¶7 Assessor Grota testified that he changed the use classification from agricultural to residential because it was his understanding that the injunction prohibiting any agricultural use on the property required the property to be classified as residential for tax assessment purposes. Grota said his opinion was based on his conversation with Patrick Chaneske, "the Regional Supervisor for the Department of Revenue, in charge of Equalization in Southeastern Wisconsin." Grota submitted comparable sales of similar properties to support the numbers he used to reach his assessment.

¶8 The Board's attorney advised the Board members that maintaining ground cover was not sufficient to obtain an agricultural use classification: "Well, let me clarify. If it is simply maintaining ground cover, it's not an ag[ricutural] use." Ultimately, the Board voted 2-1 to uphold the assessor's assessment because Thoma failed to submit sufficient evidence to prove the assessor's number (or classification) was wrong: "There's a motion on the table to uphold the assessor's assessment of the property values. Since the objector did not provide adequate evidence in rebuttal and we will now take a roll call vote." Two of the Board's members voted affirmatively. The third Board member voted against the motion because she believed, based on her personal observation, that Thoma was using the property for what she believed qualified as agricultural use-"I've seen the guy on the tractor with the bailer."[4]

¶9 Thoma petitioned for a writ of certiorari pursuant to Wis.Stat. § 70.47(13), and the circuit court affirmed the decision of the Board in July 2015.[5] Thoma appealed to the court of appeals, which also affirmed the decision of the Board. Thoma v. Village of Slinger, No. 2015AP1970, unpublished slip op. (Wis. Ct. App. Jan. 18, 2017) . In October 2016, while Thoma's appeal was pending in 2015AP1970, he filed a motion in the circuit court to vacate the circuit court's first decision affirming the Board, claiming that Assessor Grota gave faulty testimony at the Board of Review Hearing. Specifically, Thoma claimed that Grota misrepresented to the Board that the Wisconsin Department of Revenue required him to classify Thoma's property as residential because of the injunction. Thoma asserted that the Board's decision erroneously relied on Grota's faulty testimony; therefore, Thoma argued, the circuit court should vacate its original order affirming the Board and send it back for a new Board hearing. The circuit court entered an order denying Thoma's motion to vacate. Thoma filed a new appeal, 2016AP2528, and petitioned this court to bypass the court of appeals so that review of this circuit court order could be consolidated with review of the court of appeals decision. We granted Thoma's bypass petition and consolidated these cases.[6]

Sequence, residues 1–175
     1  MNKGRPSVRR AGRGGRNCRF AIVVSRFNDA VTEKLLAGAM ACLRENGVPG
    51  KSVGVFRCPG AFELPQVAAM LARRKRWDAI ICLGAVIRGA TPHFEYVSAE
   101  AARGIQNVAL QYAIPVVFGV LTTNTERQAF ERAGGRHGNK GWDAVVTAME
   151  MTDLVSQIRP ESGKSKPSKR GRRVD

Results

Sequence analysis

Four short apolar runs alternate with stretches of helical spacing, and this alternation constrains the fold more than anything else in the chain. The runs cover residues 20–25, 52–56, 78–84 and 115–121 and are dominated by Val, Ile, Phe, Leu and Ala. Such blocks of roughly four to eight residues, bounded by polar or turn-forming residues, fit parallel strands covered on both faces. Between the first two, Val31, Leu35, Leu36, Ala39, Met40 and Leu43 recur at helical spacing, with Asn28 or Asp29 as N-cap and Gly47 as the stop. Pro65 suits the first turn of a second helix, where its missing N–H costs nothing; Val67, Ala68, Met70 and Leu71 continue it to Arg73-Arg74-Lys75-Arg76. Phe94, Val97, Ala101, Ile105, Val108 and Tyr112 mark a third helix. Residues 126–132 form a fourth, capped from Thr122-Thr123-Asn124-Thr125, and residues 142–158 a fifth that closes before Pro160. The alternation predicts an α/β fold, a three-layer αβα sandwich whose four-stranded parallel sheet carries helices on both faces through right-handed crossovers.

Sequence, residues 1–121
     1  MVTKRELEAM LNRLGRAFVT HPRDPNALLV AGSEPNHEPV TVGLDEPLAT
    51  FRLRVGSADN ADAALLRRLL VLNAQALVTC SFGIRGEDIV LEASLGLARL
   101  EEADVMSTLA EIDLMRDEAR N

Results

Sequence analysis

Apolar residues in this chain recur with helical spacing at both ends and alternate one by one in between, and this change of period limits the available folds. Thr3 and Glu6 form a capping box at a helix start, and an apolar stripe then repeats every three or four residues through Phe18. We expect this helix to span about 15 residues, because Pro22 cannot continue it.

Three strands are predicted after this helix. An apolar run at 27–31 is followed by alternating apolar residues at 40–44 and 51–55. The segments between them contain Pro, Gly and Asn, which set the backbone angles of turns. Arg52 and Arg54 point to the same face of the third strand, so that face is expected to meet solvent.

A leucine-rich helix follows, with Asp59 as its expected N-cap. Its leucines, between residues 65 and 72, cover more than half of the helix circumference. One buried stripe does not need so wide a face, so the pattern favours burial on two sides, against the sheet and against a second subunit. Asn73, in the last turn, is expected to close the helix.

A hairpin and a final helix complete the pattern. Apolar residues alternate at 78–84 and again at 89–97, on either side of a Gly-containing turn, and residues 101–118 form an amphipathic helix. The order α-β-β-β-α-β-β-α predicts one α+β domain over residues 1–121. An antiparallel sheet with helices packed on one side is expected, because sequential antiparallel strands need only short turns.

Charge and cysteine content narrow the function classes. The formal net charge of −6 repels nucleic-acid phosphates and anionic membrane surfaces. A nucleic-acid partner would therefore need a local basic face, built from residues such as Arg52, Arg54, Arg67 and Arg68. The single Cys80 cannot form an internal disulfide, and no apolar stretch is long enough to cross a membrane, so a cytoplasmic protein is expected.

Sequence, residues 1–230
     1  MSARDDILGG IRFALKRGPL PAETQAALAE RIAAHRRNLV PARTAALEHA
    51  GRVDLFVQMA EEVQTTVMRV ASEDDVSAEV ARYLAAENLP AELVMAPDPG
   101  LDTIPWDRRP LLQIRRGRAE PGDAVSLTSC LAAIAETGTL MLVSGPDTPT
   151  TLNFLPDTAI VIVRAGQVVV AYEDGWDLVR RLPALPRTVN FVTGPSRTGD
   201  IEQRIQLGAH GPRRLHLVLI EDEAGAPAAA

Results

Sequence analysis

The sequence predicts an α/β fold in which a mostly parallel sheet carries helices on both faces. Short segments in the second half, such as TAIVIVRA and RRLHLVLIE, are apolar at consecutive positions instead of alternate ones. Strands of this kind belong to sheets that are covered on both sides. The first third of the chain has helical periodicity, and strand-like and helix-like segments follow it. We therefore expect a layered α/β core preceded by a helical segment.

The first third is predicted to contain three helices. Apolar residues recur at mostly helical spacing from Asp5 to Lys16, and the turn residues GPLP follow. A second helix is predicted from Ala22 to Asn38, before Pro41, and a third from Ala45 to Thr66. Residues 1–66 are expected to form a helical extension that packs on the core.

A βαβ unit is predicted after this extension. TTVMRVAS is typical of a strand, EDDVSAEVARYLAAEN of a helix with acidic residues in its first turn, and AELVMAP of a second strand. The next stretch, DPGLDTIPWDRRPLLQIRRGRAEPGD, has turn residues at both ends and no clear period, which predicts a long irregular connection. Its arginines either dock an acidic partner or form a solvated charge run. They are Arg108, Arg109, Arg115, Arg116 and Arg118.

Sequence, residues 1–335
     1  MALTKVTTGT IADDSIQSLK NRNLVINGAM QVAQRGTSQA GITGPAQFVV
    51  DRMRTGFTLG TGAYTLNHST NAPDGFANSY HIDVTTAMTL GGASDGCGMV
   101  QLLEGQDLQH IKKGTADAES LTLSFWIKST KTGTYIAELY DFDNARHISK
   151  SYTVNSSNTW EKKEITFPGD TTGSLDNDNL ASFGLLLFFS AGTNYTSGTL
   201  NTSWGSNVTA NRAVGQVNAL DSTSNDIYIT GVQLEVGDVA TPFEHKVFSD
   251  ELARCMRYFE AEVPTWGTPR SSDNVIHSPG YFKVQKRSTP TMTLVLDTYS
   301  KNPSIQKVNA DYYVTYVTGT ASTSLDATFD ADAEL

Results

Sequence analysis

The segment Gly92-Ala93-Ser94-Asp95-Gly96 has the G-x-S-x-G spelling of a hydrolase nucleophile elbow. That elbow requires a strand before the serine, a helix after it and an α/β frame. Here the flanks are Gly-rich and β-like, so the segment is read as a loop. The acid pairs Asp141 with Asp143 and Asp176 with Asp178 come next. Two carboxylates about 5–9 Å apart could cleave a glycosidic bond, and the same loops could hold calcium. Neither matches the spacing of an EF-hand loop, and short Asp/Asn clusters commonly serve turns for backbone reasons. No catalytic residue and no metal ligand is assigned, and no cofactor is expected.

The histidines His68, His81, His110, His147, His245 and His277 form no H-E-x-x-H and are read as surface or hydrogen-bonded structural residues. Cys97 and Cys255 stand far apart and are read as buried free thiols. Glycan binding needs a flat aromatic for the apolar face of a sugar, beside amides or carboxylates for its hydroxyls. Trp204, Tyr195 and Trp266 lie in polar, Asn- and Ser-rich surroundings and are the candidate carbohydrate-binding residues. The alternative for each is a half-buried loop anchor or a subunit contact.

II. STANDARD OF REVIEW

¶10 In certiorari review under Wis.Stat. § 70.47(13), we review the Board of Review's decision, not the decisions of the circuit court or court of appeals, although we benefit from their analyses. See Sausen v. Town of Black Creek Bd. of Rev., 2014 WI 9, ¶¶4-5, 352 Wis.2d 576, 843 N.W.2d 39. Review is limited to "the record made before the board of review." Saddle Ridge Corp. v. Bd. of Rev., 2010 WI 47, ¶36, 325 Wis.2d 29, 784 N.W.2d 527. Our review is confined to deciding "whether the board's actions were: (1) within its jurisdiction; (2) according to law; (3) arbitrary, oppressive, or unreasonable and represented its will and not its judgment; and (4) supported by evidence such that the board...

To continue reading

FREE SIGN UP